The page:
Majority of UK employees unable to take sick days

More than half (52%) of UK full-time employees did not take a single sick day in the 12 months since February 2021.

According to data from customer service outsourcing provider AlldayPA, many employees are finding themselves unable to take time off for illness, entitled to them by law.

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Noelle Murphy, senior HR practice editor at XpertHR, said that much of this comes from employees feeling guilty over leaving work for others to do.

Speaking to HR magazine, she said: “In an effort to avoid causing delays to projects, and adding to workloads, employees with genuine illnesses will try to push through in the belief they’re making an effective contribution. 

“This trend is more likely common in the hybrid working environment as there’s no real physical barrier for staff choosing to log on and face the day.”

Similarly, more than six in 10 (62%) employees said they had not taken their full annual leave allowance last year.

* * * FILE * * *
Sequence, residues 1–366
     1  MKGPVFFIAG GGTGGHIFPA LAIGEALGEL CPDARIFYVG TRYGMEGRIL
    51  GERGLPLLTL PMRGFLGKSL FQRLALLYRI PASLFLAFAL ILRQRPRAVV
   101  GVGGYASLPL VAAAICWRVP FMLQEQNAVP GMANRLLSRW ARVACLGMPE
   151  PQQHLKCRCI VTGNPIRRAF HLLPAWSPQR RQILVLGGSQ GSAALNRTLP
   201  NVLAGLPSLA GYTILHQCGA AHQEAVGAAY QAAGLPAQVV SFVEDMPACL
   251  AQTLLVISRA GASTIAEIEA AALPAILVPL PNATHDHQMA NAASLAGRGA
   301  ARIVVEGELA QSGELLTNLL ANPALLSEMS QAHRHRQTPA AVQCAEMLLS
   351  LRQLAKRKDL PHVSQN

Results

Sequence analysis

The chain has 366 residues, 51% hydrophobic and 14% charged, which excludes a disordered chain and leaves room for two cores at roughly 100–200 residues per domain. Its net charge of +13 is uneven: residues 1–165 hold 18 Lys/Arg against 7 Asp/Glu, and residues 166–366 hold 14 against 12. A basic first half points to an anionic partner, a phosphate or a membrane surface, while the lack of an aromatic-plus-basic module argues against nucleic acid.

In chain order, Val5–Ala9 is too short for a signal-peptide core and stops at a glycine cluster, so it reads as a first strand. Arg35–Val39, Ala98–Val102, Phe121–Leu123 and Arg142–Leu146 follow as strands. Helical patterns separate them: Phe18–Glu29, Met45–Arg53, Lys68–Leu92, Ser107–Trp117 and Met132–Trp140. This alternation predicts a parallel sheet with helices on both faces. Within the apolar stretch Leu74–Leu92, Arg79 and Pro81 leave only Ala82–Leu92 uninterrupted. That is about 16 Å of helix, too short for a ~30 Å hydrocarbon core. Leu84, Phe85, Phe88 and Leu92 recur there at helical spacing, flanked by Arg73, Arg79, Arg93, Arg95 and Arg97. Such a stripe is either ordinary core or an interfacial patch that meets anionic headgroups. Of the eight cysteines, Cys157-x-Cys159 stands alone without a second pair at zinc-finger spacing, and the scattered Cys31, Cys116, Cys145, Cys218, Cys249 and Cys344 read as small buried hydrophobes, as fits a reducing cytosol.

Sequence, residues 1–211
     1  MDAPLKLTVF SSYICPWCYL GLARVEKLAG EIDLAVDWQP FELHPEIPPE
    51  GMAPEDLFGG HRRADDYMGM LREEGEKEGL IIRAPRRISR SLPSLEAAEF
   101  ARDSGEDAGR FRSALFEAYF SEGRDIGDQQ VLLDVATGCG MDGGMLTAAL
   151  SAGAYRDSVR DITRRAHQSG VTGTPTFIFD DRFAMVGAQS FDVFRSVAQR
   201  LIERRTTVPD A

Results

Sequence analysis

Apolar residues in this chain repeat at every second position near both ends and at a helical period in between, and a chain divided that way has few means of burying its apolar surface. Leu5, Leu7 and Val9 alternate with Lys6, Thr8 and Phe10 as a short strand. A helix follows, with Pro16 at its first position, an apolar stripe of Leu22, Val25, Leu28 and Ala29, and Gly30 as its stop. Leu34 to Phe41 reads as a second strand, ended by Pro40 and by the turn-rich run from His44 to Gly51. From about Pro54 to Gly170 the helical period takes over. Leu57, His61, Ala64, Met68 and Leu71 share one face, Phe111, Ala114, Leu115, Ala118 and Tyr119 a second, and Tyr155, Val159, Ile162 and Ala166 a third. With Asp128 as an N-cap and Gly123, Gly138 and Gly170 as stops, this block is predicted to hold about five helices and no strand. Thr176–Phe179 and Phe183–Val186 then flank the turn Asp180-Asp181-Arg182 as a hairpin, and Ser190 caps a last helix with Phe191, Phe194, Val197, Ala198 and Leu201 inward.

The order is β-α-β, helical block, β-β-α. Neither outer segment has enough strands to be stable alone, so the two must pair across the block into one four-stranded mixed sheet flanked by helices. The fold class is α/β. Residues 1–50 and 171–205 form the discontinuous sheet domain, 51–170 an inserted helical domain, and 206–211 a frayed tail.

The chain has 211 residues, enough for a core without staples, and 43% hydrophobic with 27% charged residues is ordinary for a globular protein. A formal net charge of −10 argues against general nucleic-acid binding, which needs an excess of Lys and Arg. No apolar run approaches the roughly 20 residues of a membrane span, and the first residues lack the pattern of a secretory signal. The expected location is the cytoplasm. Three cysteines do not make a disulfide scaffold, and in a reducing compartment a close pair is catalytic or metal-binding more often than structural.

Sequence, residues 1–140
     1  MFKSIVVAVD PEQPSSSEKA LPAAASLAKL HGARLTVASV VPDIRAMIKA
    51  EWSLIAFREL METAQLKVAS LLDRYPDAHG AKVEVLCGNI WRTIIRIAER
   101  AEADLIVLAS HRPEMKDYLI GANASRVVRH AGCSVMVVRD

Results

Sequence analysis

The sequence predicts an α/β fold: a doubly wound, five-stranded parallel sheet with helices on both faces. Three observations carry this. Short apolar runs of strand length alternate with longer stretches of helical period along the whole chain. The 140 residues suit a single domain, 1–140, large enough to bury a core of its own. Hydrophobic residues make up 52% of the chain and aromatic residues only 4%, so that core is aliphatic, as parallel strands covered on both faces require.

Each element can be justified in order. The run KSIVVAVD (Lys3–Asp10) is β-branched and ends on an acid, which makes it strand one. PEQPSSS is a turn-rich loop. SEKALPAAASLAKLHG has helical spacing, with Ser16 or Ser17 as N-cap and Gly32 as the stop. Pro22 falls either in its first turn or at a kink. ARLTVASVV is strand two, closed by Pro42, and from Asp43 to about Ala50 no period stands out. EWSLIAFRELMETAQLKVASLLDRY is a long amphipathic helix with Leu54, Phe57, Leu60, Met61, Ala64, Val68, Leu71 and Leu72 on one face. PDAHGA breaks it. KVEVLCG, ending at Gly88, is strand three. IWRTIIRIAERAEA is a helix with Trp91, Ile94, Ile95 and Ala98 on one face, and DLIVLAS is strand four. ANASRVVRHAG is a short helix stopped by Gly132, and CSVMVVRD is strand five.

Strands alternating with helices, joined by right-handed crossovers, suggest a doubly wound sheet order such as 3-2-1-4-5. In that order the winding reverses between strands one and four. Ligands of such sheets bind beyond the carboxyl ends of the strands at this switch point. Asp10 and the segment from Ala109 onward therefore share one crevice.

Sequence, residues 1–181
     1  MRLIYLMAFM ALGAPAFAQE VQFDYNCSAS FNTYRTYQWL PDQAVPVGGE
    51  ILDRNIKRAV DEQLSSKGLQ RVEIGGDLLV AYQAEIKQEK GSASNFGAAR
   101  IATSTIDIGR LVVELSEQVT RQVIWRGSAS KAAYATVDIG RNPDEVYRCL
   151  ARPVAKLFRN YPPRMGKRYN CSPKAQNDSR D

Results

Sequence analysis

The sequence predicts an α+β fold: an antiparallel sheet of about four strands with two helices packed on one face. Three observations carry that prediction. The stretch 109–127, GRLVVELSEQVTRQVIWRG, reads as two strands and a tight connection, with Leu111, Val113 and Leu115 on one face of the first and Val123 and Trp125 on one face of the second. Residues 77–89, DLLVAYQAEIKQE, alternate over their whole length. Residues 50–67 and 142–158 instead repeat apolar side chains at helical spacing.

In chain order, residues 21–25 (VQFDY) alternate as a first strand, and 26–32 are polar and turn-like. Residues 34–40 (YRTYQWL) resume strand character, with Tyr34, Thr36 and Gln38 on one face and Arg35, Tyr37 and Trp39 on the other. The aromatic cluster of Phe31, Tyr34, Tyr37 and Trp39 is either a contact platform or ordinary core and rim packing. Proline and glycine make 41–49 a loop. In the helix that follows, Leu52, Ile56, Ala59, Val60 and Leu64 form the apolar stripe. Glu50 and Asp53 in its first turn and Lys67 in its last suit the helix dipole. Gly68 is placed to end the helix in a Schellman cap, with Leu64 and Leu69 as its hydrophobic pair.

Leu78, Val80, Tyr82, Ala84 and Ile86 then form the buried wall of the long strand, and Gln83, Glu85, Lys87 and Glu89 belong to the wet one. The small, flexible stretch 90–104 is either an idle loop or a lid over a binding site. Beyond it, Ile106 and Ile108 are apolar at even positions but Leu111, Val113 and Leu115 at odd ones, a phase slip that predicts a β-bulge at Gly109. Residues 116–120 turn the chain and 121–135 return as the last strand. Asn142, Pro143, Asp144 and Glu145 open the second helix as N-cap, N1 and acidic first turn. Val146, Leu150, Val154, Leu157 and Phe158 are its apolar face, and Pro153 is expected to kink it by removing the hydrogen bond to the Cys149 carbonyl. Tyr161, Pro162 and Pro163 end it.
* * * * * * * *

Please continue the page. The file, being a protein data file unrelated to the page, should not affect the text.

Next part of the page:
While many employees have carried annual leave over from the pandemic as allowed by law, Murphy added that some will be holding back from taking time off because they feel unable to or want to prove their worth.

She said: “When it comes to annual leave, people managers and leaders can play a key role in encouraging employees to disconnect and take a proper break.”

This problem however, extends even to smaller breaks, like lunch. As many as one in seven (14%) employees find they can’t take more than a 15-minute break for lunch.

Gareth Jeffrey, head of customer service at AlldayPA, told HR magazine that employees feeling pressured to skip breaks, holidays, or even work while sick is an age-old problem. He said: “Presenteeism helps no one.

“Organisations need people [to be] effective and engaged, and you can’t achieve that if employees are ‘always on and always there’, and that covers being both physically and digitally present.”

Presenteeism is a cultural issue, said Murphy. 

“Setting a standard from the top will help promote a more accepting work culture, and it’s vital that senior management lead by example.”

Jeffrey added: “The traditional view of managers has always been to support employees being present, but not recognising the connection between 'being a trooper' and a decline in quantity or quality of work.  

“Businesses need to encourage people to take breaks, ensure that they take holidays and promote wellbeing. 

“In an increasingly competitive recruitment market, especially for younger workers, it's the kind of behaviour that will improve engagement and strengthen the employer brand."